Richmond is teeming with professional and research opportunities for students interested in museum professions or arts administration.
Several galleries including 1708 Gallery, Page Bond, and the Anderson Gallery are located near campus. The university’s Cabell Library houses a remarkable, nationally significant collection of artist-made books.
A suite of historic house museums represent a range of architectural styles and feature decorative arts that span three centuries. They include the late 18th-century Wilton House; the early 19th-century Wickham House; Agecroft Hall, which was built in the 15th century and transported to Richmond in the early 20th century; and the Romanesque-style mansion at Maymont, a 100-acre Victorian estate.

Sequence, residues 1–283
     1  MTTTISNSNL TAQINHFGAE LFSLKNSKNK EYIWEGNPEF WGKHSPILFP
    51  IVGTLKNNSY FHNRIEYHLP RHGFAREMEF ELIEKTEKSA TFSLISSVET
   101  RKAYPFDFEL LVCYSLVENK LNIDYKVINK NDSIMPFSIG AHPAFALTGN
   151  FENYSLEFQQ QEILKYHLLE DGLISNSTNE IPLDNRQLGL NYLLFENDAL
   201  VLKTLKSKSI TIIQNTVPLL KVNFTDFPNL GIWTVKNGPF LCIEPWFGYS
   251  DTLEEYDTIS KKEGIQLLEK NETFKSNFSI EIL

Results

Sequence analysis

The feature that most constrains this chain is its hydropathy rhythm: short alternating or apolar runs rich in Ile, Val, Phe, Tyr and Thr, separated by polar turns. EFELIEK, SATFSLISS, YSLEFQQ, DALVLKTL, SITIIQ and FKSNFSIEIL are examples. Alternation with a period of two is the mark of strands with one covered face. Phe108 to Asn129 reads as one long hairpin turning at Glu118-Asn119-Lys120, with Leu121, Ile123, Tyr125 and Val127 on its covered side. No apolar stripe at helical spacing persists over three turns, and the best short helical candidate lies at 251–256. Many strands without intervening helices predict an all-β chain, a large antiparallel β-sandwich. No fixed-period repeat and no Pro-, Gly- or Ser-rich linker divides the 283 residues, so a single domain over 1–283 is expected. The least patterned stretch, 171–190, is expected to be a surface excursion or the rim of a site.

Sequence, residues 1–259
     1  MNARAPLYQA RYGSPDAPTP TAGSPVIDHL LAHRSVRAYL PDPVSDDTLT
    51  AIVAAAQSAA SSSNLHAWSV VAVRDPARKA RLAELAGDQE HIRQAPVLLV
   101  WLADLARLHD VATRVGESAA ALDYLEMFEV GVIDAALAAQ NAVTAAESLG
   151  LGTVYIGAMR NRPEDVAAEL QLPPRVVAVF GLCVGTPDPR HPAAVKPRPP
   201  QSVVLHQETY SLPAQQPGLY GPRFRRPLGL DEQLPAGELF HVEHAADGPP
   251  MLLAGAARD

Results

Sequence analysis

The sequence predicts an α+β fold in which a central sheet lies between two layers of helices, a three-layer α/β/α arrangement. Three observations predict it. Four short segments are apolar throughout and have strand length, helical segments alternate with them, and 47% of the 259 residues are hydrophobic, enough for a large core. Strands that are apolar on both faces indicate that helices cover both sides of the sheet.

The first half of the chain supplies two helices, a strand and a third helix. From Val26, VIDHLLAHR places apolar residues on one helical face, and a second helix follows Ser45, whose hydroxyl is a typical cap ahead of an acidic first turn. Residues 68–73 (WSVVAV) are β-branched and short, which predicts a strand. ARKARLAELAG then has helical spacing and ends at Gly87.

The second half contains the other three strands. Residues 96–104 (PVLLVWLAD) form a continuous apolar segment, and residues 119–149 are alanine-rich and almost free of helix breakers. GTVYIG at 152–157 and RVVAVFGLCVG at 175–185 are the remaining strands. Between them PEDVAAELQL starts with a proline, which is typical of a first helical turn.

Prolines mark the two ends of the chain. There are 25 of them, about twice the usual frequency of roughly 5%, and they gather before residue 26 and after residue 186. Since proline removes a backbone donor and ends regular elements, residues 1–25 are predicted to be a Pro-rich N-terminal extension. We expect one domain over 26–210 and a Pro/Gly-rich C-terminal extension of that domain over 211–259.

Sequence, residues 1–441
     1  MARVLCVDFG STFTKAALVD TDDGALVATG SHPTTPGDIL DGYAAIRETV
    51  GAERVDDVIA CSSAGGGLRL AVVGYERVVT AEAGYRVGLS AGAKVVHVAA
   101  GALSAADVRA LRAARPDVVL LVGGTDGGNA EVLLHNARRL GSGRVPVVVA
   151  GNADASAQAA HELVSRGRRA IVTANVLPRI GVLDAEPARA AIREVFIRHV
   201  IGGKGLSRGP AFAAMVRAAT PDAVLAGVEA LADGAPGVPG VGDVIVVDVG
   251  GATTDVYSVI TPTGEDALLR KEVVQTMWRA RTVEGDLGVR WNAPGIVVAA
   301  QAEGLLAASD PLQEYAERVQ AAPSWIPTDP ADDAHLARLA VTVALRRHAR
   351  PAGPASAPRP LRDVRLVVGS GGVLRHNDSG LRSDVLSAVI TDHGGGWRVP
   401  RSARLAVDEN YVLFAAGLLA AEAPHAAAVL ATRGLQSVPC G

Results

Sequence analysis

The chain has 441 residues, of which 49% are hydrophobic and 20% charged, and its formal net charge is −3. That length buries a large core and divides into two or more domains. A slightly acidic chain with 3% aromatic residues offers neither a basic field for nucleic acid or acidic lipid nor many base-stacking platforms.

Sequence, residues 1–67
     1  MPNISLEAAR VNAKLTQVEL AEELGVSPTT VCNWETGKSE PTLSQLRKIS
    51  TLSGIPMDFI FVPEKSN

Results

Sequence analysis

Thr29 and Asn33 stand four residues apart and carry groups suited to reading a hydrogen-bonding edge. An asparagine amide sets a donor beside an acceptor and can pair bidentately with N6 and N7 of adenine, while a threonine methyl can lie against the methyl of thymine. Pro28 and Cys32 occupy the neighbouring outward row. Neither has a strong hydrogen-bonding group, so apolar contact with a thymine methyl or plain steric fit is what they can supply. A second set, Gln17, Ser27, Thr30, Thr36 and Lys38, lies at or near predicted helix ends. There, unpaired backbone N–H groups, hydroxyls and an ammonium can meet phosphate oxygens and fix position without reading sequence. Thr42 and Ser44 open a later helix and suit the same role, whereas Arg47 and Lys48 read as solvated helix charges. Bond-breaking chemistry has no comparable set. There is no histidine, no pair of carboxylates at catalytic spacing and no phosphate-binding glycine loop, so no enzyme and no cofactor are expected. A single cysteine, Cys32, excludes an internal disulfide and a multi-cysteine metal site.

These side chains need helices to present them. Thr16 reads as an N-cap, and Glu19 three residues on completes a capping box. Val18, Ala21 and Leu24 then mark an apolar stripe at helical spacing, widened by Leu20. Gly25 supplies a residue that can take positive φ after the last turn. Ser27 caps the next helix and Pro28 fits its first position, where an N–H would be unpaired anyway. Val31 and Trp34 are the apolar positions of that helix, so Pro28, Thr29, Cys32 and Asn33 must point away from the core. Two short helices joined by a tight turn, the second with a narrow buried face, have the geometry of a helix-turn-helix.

The Virginia Museum of History & Culture (formerly the Virginia Historical Society), located adjacent to the Virginia Museum of Fine Arts, tells the history of the commonwealth, while the Valentine Richmond History Center features the history of the city. The Maggie L. Walker Historic Site, located in Jackson Ward, tells the story of community leader Maggie Walker’s professional and personal life. The permanent collections at these organizations include paintings, decorative arts, and archival documents.
With such abundance of resources, countless VCU students who have studied or interned in curatorial, education, development and collections care departments have built terrific professional networks.